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Friday 16 November 2018

Six steps towards switching to Continuous Cover Forest

Continuous cover forestry means the forest consists of trees of all ages and makes use of natural forest processes.
Continuous cover forestry means the forest consists of trees of all ages and makes use of natural forest processes.

Stephen Meyer

Continuous Cover Forestry (or close-to-nature forestry) is the norm in Europe but the exception in Ireland.

With CCF, you retain forest cover. The forest consists of trees of all ages and makes use of natural forest processes.

Tree harvesting provides a regular, sustained income, but also rejuvenates the forest and makes room for new generations of trees to grow into the canopy.

1. Start planting early

The earlier the transformation process starts, the better.

Identify top quality trees that have a straight stem and a well-developed, deep crown (those trees are your Potential Crop Trees, PCTs) across all diameter classes.

They should be the focus of your attention. Mark inferior trees that are interfering with your PCTs and remove.

Start thinning early and frequently.

Early, light and regular thinning operations are much more suitable than carrying out fewer but much heavier thinnings.

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2. Watch out for seedlings

As your thinning operations continue, more light will gradually reach the forest floor encouraging the development of seedlings.

This will start happening first where seed sources are already present, from nearby hedgerows for instance.

This is now happening in abundance in the upper section of Seán Ó Conláin’s forest. Gradually your PCTs will start to produce seed, creating your next generation free of charge!

3. Don’t put all your eggs in one basket: improve biodiversity

An integral part of  transforming your even-aged, single-species spruce plantation to CCF requires improving biodiversity.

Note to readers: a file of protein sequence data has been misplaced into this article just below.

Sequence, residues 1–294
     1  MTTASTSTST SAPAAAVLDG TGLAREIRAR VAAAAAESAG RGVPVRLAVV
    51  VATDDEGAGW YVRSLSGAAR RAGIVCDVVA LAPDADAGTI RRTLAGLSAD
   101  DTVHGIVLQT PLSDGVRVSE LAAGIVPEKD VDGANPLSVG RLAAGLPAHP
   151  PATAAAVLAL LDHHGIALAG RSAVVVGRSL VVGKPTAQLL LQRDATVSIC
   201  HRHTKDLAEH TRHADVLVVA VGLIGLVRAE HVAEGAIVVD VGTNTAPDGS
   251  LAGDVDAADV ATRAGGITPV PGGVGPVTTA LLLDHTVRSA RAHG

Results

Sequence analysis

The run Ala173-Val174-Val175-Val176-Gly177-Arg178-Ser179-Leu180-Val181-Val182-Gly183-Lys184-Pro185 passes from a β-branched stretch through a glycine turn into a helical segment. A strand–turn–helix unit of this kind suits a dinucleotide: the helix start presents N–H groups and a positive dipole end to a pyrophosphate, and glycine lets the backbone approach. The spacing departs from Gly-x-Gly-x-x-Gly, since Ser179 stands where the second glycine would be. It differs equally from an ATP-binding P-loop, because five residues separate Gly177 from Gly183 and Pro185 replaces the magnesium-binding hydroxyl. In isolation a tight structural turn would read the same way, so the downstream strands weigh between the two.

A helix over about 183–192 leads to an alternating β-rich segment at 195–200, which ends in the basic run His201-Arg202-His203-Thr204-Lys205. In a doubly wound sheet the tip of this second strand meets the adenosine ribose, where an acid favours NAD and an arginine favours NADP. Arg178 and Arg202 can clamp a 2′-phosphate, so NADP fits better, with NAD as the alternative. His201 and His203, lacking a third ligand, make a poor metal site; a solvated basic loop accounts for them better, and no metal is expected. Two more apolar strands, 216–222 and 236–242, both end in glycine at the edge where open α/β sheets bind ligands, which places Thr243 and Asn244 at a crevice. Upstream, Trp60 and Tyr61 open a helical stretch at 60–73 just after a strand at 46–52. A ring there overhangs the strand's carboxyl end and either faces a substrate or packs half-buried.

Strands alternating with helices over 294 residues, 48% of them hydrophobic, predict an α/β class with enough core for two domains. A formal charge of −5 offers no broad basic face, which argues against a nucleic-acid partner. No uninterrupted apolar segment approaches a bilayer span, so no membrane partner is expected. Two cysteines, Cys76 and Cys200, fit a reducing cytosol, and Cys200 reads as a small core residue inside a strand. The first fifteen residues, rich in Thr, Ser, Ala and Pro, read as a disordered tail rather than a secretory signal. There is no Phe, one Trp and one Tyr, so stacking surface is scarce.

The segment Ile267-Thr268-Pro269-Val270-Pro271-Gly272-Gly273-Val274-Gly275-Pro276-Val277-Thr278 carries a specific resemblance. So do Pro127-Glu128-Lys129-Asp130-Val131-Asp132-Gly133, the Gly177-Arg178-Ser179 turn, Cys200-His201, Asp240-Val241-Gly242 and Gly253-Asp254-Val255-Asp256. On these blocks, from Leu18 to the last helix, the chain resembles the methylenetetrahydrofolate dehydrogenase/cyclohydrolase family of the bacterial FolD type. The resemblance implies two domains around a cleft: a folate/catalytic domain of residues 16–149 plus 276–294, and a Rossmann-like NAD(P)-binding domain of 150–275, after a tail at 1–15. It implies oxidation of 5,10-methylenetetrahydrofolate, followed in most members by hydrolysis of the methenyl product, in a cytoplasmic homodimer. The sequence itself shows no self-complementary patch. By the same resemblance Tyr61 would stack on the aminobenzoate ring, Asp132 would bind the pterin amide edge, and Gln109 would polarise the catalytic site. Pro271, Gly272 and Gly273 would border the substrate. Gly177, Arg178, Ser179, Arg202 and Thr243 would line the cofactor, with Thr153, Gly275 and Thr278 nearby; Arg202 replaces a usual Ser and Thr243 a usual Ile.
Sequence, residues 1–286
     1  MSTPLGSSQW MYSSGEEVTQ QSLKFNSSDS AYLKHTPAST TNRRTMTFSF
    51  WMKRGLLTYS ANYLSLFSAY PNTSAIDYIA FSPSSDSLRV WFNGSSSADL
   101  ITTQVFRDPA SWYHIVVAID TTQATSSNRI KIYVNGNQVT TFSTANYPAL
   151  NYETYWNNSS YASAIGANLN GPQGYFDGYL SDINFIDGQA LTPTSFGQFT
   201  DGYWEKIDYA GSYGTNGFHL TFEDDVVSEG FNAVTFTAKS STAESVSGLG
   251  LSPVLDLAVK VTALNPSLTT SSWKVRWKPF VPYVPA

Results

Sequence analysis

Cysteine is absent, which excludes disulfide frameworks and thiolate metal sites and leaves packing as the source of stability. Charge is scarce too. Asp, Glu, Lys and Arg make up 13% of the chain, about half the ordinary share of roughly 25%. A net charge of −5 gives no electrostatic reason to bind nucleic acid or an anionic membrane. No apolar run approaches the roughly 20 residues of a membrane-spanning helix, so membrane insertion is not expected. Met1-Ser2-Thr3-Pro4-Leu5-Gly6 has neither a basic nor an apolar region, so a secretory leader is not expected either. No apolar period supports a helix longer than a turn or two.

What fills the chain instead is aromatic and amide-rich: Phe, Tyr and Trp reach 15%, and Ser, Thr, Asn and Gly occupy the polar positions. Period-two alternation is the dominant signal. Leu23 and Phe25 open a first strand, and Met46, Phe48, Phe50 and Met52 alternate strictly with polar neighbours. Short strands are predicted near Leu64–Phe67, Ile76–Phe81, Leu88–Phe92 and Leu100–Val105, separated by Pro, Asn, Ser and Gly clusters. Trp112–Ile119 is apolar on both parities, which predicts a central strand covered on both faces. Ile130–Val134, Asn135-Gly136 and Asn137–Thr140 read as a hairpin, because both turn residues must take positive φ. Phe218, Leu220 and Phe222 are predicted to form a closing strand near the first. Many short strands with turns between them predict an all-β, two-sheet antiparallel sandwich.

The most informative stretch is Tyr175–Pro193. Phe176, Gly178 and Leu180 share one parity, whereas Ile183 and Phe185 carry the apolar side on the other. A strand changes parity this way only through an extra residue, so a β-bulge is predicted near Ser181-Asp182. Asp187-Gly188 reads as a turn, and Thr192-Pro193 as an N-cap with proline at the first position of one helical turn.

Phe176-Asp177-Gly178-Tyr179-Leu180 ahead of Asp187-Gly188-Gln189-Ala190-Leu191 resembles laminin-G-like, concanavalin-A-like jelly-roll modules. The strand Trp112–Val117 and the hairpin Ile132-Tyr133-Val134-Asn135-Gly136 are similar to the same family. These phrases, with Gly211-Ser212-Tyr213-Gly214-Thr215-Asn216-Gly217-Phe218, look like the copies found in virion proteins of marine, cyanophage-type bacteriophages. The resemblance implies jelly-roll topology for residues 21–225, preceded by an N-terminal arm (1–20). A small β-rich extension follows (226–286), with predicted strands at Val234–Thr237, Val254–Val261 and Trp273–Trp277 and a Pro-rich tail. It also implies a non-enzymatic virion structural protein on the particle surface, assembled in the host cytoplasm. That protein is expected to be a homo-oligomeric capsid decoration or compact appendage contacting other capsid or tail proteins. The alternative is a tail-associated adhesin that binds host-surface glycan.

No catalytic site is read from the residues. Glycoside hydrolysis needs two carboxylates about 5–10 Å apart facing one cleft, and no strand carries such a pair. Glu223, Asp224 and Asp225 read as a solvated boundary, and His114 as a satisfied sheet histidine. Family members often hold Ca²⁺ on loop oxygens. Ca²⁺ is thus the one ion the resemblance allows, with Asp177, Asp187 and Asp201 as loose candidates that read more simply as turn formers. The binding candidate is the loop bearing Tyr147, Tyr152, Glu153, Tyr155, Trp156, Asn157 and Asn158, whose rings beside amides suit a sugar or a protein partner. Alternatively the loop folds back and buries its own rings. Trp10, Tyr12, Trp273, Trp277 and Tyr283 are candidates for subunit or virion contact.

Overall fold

Woodlands with a range of species and of various ages will be able to handle much better the challenges of climate change such as unpredictable weather patterns and increased disease risk.

You have a wide range of management tools at your disposal to achieve this.

Introduce different tree species either by encouraging natural regeneration or by planting with appropriate shade-tolerant tree species.

For instance, Seán Ó Conláin has planted shade-tolerant species such as hornbeam and hazel in the upper section of his forest following the second thinning.

4. Create deadwood in the forest

Forests need both standing and lying deadwood.

Ring bark and fell inferior trees to create standing and lying deadwood respectively.

Where appropriate, carry out coupe felling – micro-clearfells if you wish. This can result in excellent natural regeneration opportunities if appropriate seed sources are present or plant with suitable tree species if not.

Grazing with cattle, sheep or pigs can also improve biodiversity.

‘Can’ is the operative word here as too often this translates into overgrazing, resulting in the opposite result.

The serious deer problem we have in some parts of Ireland is a good example.

5. Improve structural diversity

Gradually your forest becomes a ‘patchwork’ of trees at different stages of development, of different ages and different species.

Some trees are ready for sale.

They are marked, harvested and sold.

The removal of these trees will allow other trees that you have been selecting and nurturing over the years to move into the dominant position.

At the same time, you identify and mark young trees with great potential – your future crop trees.

6. Financial support for Forestry

The Department of Agriculture, Food and the Marine has announced financial support for CCF as part of its recent Mid-Term Review.

Three payments of €750/ha will be available as part of an approved 12-year transformation plan


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